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Newsweek reporter Kurt Eichenwald claimed a malicious online troll on Twitter sent him a tweet that induced an epileptic seizure Reuters/Fabrizio Bensch

The FBI have arrested a Maryland man on Friday (17 March) accused of tweeting an animated strobe image to Newsweek journalist Kurt Eichenwald who has epilespy and triggering a seizure. In December last year, Eichenwald received the animated image on Twitter along with the message, "You deserve a seizure for your posts." Upon opening the message, he immediately suffered a seizure.

Shortly after the attack, Eichenwald's account tweeted: "This is his wife, you caused a seizure. I have your information and have called the police to report the assault." Eichenwald, an outspoken critic Donald Trump who was then president-elect, said other Twitter users and "deplorables" have attempted to induce seizures via Twitter and email in the past as well.

John Rayne Rivello was arrested at his home in Salisbury, Maryland on federal charges of cyberstalking which carries a prison sentence of up to 10 years, The New York Times reported.

Rivello's Twitter account "@jew_goldstein" - which has since been suspended - allegedly contained direct messages sent by him to other Twitter users regarding the attack that read, "I hope sends him into a seizure," "Spammed this at [victim] let's see if he dies," and "I know he has epilepsy."

The Department of Justice said the 29-year-old's iCloud account included a screenshot of Eichenwald's Wikipedia page which had been changed to show a fake obituary with the date of death listed as 16 December, 2016 - the day after the malicious seizure-inducing tweet was sent to him.

It also contained screenshots from with a list of commonly reported epilepsy seizure triggers as well as reports from the Dallas Observer discussing Eichenwald's report to the Dallas Police Department and his attempt to identify the Twitter user who sent the strobe image.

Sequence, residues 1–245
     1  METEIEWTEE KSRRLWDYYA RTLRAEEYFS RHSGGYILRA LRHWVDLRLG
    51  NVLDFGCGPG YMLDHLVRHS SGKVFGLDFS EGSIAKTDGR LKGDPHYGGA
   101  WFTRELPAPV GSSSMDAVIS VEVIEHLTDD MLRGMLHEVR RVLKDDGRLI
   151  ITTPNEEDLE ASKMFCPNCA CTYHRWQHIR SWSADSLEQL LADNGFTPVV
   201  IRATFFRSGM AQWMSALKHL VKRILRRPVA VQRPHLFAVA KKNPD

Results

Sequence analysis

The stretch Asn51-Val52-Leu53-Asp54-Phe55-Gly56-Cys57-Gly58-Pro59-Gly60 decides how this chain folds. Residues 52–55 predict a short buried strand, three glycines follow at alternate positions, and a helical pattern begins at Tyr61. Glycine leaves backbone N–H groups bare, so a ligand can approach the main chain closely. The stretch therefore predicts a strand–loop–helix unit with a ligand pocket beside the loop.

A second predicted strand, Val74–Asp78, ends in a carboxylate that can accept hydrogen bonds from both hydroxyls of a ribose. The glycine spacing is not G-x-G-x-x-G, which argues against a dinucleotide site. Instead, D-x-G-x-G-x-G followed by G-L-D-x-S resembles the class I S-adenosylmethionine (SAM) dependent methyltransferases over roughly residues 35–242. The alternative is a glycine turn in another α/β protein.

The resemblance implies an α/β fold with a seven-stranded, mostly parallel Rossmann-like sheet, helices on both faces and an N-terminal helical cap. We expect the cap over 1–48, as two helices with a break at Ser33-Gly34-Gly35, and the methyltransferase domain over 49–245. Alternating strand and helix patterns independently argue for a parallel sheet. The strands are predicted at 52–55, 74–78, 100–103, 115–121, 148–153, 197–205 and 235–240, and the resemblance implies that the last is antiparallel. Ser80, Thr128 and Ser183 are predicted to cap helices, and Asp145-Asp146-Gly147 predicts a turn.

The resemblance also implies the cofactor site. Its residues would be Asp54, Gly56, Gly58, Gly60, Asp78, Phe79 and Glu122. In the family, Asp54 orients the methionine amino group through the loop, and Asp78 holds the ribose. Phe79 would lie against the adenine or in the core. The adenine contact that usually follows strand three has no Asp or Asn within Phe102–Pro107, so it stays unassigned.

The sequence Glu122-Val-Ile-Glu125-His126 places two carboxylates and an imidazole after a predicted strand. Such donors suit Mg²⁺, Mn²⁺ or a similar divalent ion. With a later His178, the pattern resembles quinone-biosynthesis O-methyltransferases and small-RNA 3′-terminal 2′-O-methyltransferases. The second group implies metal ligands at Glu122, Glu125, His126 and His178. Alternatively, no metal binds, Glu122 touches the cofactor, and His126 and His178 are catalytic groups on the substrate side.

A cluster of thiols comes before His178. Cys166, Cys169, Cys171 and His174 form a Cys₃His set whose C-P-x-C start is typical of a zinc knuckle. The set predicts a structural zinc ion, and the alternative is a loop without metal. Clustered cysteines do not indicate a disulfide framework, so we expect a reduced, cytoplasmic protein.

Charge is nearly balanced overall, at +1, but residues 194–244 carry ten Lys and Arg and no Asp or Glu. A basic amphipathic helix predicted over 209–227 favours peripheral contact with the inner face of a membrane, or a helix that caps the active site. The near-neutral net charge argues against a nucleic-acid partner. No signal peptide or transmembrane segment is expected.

In October, Eichenwald wrote that one of Trump's supporters with the Twitter handle "Mike's Deplorable AF" sent him a tweet that included a seizure-inducing video. However, he dropped his iPad just in time immediately after he recognised the video's characteristics.

"It contained images of Pepe the Frog, a cartoon character that has been identified by the Anti-Defamation League as a hate symbol," Eichenwald wrote at the time. "The video was some sort of strobe light, with flashing circles and images of Pepe flying toward the screen. It's what's called epileptogenic — something that triggers seizures... The deplorables are real. The deplorables are dangerous."

The seizure-inducing tweet sent in December, however, was successful in triggering a seizure.

Eichenwald later tweeted that he would be taking a short break from Twitter for self-protection and would be speaking with lawyers and law enforcement regarding the attack.

"This is not going to happen again. My wife is terrified. I am... disgusted," he tweeted.

"This kind of assault will never happen again without huge consequences," Eichenwald continued. "Online anonymity does not protect criminals."

According to Eichenwald's lawyer, the attack left Eichenwald incapacitated for several days. He also had trouble speaking and lost feeling in his left hand for several weeks, the NYT report added..

"This electronic message was no different than a bomb sent in the mail or anthrax sent in an envelope," said Eichenwald's lawyer Steven Lieberman, told the Times. "It triggers a physical effect."

On Friday, Eichenwald tweeted: "After a 3 month investigation, the FBI this morning arrested the man who assaulted me using a strobe on twitter that triggered a seizure."

Some replies to Eichenwald's tweet also included similar flashing GIFs.

"More than 40 ppl sent strobes once they found out they could trigger seizures," he continued. Details of their cases are with the FBI. Stop sending them."

IBT Media is the parent company of Newsweek and International Business Times.